Friday, October 23, 2009

Lord, You Gave Us A Mountain: The Autumn Wind Comes Roaring In; Jobless Jump; Energy Tax Collapse; State Investment Officer Out; Special Session Pain 

  • The New Mexico Legislature adjourned its special session at 7 p.m. Friday after approving a measure to shore up the state's $650 million projected deficit. Governor Richardson is indicating he may be veto portions of the bill. He has 20 days in which to decide.

The winds of historic economic change roared against the storied walls of the Santa Fe Roundhouse Thursday, promising even more pain as lawmakers grappled with the state's most vexing budget crisis since The Great Depression.

First came the new jobless numbers revealing that unemployment had spiked to the unheard level of 8 percent in the government-dominated economy of the ABQ metro. The official statewide rate jumped to a new high of 7.7 percent, although experts warned the actual rates are likely in the double-digits.

Then came another whip of wind. The land commissioner reported revenue flowing into state coffers from oil and gas royalties--so important to the state budget--had plunged in the July quarter by a startling $100 million, compared to one year ago.

And the hurricane force wind of change that will permanently alter the political landscape of the New Mexican government--and perhaps the culture of the state--blew yet again. The state investment officer--responsible for investing billions from the state's permanent funds--resigned amid yet another pay to play scandal, prompting a war of public words and the specter of a long legal battle.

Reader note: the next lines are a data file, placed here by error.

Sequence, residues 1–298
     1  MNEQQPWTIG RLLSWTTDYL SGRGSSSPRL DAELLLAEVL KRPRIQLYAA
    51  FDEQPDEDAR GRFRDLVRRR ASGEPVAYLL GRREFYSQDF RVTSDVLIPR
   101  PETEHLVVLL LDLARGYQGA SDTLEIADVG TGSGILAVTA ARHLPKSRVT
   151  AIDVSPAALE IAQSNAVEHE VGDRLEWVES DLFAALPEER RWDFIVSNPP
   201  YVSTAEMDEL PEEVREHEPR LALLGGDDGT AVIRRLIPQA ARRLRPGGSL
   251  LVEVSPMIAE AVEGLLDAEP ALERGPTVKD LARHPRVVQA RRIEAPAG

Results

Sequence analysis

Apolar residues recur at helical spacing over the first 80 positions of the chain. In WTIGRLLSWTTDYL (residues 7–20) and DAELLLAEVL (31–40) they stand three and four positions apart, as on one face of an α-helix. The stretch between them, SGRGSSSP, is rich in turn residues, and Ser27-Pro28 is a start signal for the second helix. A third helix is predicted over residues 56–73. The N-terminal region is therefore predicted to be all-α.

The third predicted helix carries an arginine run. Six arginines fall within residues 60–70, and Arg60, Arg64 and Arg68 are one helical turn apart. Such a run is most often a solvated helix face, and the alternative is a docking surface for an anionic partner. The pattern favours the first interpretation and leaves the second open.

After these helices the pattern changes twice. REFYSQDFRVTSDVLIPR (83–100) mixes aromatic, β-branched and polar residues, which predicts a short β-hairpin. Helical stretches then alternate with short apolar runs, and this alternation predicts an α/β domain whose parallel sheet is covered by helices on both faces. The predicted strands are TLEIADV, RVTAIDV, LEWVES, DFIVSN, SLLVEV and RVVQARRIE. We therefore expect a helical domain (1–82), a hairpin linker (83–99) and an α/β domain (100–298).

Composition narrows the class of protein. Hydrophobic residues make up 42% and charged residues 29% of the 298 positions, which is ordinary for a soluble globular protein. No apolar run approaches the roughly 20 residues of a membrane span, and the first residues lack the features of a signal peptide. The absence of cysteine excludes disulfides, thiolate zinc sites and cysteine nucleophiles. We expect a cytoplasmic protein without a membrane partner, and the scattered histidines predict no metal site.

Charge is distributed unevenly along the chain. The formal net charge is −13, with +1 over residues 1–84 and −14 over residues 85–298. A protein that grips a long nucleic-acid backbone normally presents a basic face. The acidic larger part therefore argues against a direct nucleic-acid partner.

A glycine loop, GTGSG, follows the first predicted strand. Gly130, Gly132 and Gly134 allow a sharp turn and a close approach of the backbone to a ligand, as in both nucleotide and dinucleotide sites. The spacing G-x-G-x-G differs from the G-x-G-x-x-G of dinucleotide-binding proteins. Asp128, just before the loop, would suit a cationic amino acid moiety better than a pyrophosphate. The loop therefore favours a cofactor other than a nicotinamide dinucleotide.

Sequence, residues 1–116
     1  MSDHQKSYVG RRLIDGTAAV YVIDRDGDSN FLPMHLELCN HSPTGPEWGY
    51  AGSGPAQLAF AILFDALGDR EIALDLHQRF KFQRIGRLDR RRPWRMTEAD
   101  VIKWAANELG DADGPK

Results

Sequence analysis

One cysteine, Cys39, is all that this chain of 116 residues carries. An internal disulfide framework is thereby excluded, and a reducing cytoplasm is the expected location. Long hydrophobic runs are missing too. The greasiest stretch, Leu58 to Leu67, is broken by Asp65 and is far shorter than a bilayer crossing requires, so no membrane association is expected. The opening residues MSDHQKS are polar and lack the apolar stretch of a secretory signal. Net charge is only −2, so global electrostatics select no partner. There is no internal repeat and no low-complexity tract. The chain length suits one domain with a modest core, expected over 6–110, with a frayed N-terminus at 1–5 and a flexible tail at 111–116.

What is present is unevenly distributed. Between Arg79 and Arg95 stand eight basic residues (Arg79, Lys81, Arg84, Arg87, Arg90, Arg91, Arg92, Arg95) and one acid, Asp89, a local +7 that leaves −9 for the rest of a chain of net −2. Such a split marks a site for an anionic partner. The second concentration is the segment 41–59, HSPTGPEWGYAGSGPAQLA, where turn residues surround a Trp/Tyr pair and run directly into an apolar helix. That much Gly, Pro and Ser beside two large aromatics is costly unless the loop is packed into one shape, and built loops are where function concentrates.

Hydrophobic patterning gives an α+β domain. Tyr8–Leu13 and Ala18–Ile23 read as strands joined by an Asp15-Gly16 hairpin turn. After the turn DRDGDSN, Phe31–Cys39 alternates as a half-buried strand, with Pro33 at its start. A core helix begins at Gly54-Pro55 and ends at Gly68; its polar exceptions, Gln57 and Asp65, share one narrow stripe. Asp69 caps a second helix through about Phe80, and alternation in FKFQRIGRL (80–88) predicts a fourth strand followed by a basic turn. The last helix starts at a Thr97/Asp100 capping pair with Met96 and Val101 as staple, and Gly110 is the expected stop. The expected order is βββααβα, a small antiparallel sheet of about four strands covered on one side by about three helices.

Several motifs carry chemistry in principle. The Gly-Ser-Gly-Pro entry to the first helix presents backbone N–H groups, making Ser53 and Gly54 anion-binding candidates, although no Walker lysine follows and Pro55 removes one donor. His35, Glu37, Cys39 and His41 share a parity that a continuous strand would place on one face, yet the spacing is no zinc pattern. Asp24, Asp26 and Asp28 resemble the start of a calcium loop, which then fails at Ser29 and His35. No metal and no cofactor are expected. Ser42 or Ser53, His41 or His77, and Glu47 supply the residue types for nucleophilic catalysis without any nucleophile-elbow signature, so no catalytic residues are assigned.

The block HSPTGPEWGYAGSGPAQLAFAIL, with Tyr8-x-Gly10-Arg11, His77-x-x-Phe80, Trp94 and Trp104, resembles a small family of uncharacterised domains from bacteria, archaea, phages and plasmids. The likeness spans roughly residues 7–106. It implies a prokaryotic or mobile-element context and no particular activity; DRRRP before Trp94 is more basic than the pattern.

The jocularity and knowing cynicism that dominates political conversation here has been replaced by a stony sobriety. At the Capitol late Thursday, as a final budget deal was being hammered out, KOB-TV veteran political reporter Stuart Dyson, in the game since '74, told us that only in recent hours had citizen legislators really begun to come to grips with the enormity of the crisis they face.

"The old hands knew, but these guys--regular guys from around the state--are frazzled. They're stunned. They are hearing deficit numbers that simply can't be comprehended when it is your task to deal with them..They are life-changing numbers, Joe, and the talk has already shifted to the next session when reality must be dealt with..." said the newsman.

The late, great country singer Marty Robbins made famous the song, "Lord, This Time You Gave Me A Mountain," and last night--a historic night in our Capitol--our mountain was finally confronted.

The volunteer politicians took to the floor to debate the budget compromise in what sometimes seemed like group therapy. They uttered the unutterable numbers; shook their fists at the fates; confessed their love for their state and mourned the end of an economic era the likes of which will not be see again in our lifetimes. It brought to mind that timeless phrase: "To be Irish is to know that in the end the world will break your heart."

The 70 House solons were all of the Irish persuasion last night, all with broken hearts for the place we and they call home.

House Speaker Lujan
The post-traumatic stress disorder that reporter Dyson described as afflicting many of the lawmakers had them constructing a budget deal about as permanent as a sand castle. They kicked the can way down the road. The final House bill that will go to the Senate for approval today cuts public education by less than one percent. The revenue it uses to plug the gargantuan $650 million shortfall for the budget year that began July 1 and ends in June of 2010, is mainly one-time money, including hundreds of millions of Obama stimulus. That means for the budget year that starts July 1, 2010 we will start with a deficit of at least $700 million and possibly much, much more.

You can smell the fear and loathing even before you reach the Santa Fe city limits.

But legislative leaders, helpless in the face of deep divisions and prohibited by the Governor's proclamation from raising any taxes, will be pleased to get the Band-Aid and send it up to the Fourth Floor today. There, Governor Richardson is expected to give it his approval but not before he probably vetoes a provision that would force him to trim some 80 political positions. (Are those jobs like cockroaches after a nuclear war--the only things to survive?)